Friday, April 11, 2008


Source: Financial Sense

An Interview with Bud Conrad

- The Casey Files - by Louis James
April 8, 2008

The following interview, conducted by Louis James, a senior analyst and editor with Casey Research, appeared in the March 08’ edition of Casey’s International Speculator.

Louis James (LJ): The first question we think most readers will want to know about is this: if the U.S. is headed for recession – if not already sliding into one – do you really think we’re facing more inflation in the near future, or could falling spending power cause deflation?

Bud Conrad (BC): There are strong deflationary pressures in a credit collapse because as housing prices drop and defaults rise, some of the ability to buy new items is lost. Traditional analysis suggests that we could have deflation such as that which occurred in the Great Depression in the U.S. in the late 1920s, early 1930s. I would point out, however, that in the Great Depression the dollar was linked to gold, limiting the amount of money printing that could be done, a limitation that does not exist today. In addition, with $100 oil it is hard to argue for deflation. My base prediction is that we are heading into an inflationary period.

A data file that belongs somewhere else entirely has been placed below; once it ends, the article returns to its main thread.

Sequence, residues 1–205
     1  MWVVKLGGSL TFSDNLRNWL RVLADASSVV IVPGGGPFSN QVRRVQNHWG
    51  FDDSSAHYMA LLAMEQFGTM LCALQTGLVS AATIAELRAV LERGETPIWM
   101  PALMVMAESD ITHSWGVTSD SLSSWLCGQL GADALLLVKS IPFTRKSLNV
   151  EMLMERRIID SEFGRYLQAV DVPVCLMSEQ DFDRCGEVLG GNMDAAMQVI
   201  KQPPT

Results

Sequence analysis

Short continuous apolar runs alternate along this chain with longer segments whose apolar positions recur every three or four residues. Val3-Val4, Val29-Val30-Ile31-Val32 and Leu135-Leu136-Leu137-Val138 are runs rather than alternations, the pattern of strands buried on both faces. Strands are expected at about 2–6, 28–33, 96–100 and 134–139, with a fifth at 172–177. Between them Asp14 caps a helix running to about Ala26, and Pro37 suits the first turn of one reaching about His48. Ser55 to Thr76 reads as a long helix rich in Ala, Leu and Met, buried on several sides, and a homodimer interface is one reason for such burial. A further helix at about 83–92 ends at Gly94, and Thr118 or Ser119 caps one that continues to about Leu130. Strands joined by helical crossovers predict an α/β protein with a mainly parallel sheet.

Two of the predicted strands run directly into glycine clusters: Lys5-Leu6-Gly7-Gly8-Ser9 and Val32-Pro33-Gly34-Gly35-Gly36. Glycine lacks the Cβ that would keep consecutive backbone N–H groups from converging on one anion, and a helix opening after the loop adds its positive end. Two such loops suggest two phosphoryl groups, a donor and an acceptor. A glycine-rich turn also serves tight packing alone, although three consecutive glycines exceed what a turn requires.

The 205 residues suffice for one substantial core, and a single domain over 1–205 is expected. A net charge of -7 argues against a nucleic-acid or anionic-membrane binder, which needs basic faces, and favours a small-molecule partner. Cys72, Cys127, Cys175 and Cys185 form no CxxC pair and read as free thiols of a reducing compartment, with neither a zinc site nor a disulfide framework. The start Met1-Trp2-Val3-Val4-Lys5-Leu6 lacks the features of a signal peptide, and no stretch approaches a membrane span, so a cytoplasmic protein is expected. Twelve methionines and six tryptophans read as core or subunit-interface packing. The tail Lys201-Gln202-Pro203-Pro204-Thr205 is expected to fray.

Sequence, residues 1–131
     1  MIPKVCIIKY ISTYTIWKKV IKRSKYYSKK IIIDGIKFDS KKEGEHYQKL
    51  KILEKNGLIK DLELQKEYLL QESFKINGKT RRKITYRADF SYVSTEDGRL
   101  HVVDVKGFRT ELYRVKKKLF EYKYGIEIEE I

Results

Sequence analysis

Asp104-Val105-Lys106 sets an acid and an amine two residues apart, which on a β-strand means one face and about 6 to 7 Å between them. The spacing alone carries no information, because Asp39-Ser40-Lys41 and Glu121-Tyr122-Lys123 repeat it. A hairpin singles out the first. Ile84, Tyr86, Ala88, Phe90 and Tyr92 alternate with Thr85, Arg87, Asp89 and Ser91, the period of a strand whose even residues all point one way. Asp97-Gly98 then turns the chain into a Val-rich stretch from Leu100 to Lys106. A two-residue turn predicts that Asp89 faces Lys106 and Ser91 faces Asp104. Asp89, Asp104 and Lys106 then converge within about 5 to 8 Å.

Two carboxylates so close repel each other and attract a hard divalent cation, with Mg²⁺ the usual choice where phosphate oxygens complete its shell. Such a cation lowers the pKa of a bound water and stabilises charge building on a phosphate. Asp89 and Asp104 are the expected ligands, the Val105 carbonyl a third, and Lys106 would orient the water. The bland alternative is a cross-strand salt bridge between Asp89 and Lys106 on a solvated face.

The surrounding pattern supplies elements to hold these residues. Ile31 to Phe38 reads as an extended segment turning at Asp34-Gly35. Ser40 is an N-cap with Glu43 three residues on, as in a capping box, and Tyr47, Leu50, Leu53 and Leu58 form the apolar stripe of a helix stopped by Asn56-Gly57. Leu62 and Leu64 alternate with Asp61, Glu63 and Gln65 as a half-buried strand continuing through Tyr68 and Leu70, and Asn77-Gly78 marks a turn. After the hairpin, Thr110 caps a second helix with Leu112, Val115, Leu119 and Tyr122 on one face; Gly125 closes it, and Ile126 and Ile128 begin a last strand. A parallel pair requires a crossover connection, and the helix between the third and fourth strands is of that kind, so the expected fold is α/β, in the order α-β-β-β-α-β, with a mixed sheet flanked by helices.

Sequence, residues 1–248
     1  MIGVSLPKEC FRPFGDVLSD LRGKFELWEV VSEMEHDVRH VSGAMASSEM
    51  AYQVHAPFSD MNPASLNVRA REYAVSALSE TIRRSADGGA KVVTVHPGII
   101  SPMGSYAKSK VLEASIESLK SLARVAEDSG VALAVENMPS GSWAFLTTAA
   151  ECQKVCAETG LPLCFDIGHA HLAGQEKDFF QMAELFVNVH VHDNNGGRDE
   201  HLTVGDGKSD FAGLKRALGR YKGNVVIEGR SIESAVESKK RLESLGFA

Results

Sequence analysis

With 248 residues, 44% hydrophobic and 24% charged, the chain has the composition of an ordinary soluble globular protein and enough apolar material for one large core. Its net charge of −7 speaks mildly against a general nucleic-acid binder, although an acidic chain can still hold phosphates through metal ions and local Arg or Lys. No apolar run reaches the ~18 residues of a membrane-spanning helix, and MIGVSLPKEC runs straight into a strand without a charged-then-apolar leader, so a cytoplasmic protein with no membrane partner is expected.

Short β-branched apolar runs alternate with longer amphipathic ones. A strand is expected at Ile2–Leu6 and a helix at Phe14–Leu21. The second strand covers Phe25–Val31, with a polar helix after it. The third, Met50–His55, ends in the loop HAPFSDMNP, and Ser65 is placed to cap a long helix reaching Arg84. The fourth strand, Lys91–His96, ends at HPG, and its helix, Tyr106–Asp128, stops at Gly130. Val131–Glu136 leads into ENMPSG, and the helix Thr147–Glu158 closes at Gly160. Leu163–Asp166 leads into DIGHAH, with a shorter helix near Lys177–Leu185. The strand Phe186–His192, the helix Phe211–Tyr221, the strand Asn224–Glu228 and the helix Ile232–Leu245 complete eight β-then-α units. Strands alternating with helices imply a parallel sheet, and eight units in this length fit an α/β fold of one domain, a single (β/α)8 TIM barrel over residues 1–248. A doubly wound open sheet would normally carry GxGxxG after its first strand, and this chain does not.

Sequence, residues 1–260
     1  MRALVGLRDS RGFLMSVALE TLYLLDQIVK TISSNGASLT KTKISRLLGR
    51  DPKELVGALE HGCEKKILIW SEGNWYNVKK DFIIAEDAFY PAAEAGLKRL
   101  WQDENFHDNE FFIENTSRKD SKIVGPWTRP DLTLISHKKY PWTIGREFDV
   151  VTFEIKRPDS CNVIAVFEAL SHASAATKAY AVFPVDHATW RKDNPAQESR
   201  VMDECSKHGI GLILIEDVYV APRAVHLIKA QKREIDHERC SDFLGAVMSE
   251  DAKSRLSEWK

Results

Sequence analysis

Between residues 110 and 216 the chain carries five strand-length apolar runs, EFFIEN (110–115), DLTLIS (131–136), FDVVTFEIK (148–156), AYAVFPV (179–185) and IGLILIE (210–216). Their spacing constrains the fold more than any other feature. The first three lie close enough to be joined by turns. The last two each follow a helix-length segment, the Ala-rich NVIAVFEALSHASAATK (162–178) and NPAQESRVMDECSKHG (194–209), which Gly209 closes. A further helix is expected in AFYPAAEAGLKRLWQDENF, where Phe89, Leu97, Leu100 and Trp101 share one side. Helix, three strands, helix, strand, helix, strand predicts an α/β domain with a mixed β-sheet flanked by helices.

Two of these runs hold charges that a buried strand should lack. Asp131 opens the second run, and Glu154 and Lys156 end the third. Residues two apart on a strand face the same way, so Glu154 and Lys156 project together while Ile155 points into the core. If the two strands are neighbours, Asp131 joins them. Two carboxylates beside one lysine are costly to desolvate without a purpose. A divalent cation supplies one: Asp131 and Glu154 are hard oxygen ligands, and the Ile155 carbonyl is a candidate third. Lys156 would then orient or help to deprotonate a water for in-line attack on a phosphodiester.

LJ: If there was any doubt about inflation vs. deflation, has it been settled by the central banks of the world as they responded to last summer’s credit crunch with greater liquidity?

BC: Yes. That is the point. The governments and their central banks have no limit on how much money they can create since there is no tie to gold or anything else. It is only logical to expect them to take the easy road and print money. The result is predictable. New government bailouts for whatever problems arise are going to continue.

LJ: With war spending, ballooning entitlements, a crisis of confidence in the U.S. financial system stewing, along with many other woes, do you think there’s any chance that the U.S. will not try to inflate its way out of its current economic predicaments?..."

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